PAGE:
THE STREETER LEGEND
Long ago in the humble Purple Valley, there was a shy but sincere man called Eph. And a lovable Eph he was. With a big top hat, shining brass balls, and an itch to make the world a better place. So he started a school called Williams, where many boys, and eventually girls, could frolic in the fields of lollipops and read books and coordinate massive financial mergers. It was a lovely time for everyone, but for one thing. Oh the taps always flowed (this was before the dreaded party policy and the evil WPD threw a shadow over the land), and the football team always won, but there was something missing.
“Ah,” said one lad with flaming red hair, “it be music we be lackin’!” Malcolm was his name, and he could read those mysterious black dots and lines that decode the enigma of sound. He gathered about him his most trusted pals, chums, and ne’er-do-wells. They practiced and hummed in their sleep for months. The “doos” and “bahs” bounced around in their skulls for what seemed an eternity. Finally, with their voices honed to perfection, and great trepidation in their hearts, they gathered together in the auditorium to entertain. What they lacked in tonality they compensated for in joviality! The people laughed and cried and gushed in their seats and gave thunderous applause at the end, which they wished would never come. And it was good, baby. Malcom’s merry band, having taken the name “The Springstreeters” from the largest – and indeed the only – street in town, soon ventured forth out of the protected Purple Valley. They won the hearts of all of New England, and of several southern sororities as well.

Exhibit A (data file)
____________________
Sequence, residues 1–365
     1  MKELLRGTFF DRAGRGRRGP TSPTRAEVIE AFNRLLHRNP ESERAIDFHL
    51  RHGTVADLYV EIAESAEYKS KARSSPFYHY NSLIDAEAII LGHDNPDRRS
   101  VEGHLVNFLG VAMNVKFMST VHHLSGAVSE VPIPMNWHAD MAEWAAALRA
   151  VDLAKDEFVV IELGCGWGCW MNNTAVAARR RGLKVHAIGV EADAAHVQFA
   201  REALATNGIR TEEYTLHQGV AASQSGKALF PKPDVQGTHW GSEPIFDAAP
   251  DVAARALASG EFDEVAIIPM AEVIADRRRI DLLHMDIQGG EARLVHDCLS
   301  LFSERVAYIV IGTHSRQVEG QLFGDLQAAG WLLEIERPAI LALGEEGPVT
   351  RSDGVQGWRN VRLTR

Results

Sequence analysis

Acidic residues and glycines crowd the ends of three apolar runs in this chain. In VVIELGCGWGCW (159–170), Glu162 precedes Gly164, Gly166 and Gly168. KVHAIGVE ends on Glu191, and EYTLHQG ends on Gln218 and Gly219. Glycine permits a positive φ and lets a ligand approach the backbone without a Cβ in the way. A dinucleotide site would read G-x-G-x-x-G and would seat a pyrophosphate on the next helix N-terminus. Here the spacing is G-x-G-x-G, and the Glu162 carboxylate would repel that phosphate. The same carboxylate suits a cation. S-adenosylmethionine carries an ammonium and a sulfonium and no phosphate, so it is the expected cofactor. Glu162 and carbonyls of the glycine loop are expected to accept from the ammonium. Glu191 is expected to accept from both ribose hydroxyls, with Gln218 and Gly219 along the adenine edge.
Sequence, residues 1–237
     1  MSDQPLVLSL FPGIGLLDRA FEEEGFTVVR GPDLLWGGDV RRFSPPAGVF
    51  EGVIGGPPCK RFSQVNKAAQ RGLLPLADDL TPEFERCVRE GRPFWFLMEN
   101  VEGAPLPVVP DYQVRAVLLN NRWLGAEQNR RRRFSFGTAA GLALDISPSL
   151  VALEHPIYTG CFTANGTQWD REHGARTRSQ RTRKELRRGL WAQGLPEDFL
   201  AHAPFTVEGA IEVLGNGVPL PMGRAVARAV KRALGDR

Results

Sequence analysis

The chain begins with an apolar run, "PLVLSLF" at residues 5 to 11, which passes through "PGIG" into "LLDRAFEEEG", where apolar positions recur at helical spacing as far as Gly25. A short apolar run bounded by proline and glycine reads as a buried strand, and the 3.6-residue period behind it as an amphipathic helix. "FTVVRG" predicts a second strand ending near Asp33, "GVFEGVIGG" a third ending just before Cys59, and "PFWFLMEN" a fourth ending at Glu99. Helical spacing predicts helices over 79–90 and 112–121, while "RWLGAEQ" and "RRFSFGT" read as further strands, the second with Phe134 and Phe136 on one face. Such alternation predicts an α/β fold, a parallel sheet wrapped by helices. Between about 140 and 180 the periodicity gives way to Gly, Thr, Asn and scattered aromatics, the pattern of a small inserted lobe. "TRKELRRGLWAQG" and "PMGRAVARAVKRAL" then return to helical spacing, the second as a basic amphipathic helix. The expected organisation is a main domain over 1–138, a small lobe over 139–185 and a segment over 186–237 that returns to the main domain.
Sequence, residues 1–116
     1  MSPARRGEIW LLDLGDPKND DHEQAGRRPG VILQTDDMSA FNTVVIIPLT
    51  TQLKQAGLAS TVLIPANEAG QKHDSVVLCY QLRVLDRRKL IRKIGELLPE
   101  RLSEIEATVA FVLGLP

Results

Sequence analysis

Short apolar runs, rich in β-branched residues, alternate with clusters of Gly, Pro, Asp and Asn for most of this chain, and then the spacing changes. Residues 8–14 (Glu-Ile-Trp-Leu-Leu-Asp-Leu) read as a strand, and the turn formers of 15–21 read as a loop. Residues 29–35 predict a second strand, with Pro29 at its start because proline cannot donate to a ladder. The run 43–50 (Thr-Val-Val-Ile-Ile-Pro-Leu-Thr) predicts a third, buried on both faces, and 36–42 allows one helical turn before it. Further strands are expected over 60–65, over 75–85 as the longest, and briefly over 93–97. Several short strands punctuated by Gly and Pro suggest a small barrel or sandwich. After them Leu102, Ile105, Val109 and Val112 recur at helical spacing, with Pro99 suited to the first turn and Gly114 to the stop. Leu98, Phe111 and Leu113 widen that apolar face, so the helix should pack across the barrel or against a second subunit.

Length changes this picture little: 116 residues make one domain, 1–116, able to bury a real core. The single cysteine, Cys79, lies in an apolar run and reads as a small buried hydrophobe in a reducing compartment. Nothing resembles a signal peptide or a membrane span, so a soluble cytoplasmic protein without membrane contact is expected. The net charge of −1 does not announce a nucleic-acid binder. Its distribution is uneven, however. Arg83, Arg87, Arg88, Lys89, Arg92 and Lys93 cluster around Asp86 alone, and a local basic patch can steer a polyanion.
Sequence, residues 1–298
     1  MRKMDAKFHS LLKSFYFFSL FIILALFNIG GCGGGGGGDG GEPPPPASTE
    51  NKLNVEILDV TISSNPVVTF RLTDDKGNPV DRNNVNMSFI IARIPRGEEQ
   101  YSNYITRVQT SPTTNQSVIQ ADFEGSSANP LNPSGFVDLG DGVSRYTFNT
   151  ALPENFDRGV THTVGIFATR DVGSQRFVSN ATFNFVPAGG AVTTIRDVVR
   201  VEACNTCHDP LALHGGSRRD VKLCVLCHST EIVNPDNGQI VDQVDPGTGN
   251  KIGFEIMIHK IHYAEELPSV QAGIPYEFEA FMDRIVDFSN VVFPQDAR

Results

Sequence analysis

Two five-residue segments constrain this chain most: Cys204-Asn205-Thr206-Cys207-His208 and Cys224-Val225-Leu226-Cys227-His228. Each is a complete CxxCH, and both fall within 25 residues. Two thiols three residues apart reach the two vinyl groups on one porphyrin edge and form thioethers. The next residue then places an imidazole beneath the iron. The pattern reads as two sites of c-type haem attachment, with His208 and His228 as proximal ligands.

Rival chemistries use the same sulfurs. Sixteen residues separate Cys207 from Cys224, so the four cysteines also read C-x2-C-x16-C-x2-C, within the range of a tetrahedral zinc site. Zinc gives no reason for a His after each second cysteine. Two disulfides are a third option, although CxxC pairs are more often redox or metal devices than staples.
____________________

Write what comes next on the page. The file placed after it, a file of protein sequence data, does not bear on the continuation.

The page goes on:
They graduated, of course, those first brave few. But they inspired quite a following, and took many more into their ranks. From year to year the music is handed down to another exuberant youth who can read it, and the legend continues. The Streeters go forth, always to sing, stumble about, and find open arms and warm beds wherever they end up, always with the sacred chant of “Jell-O” to spur them to action, and always with their Greavis (sic) beverage at the ready. Onward, O Streeters! And let none wear frock nor frown whilst we draw breath!